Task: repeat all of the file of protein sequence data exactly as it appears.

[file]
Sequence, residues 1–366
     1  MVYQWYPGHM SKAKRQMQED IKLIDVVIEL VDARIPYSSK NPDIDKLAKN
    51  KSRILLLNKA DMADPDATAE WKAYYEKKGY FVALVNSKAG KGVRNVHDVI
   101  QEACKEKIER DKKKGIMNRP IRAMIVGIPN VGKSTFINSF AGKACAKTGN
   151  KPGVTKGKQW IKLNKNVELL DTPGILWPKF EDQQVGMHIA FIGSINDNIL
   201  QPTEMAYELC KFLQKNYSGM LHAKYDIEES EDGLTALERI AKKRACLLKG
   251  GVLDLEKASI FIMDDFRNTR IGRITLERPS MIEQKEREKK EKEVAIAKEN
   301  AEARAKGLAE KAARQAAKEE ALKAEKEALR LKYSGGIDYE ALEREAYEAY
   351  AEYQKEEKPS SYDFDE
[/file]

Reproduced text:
Sequence, residues 1–366
     1  MVYQWYPGHM SKAKRQMQED IKLIDVVIEL VDARIPYSSK NPDIDKLAKN
    51  KSRILLLNKA DMADPDATAE WKAYYEKKGY FVALVNSKAG KGVRNVHDVI
   101  QEACKEKIER DKKKGIMNRP IRAMIVGIPN VGKSTFINSF AGKACAKTGN
   151  KPGVTKGKQW IKLNKNVELL DTPGILWPKF EDQQVGMHIA FIGSINDNIL
   201  QPTEMAYELC KFLQKNYSGM LHAKYDIEES EDGLTALERI AKKRACLLKG
   251  GVLDLEKASI FIMDDFRNTR IGRITLERPS MIEQKEREKK EKEVAIAKEN
   301  AEARAKGLAE KAARQAAKEE ALKAEKEALR LKYSGGIDYE ALEREAYEAY
   351  AEYQKEEKPS SYDFDE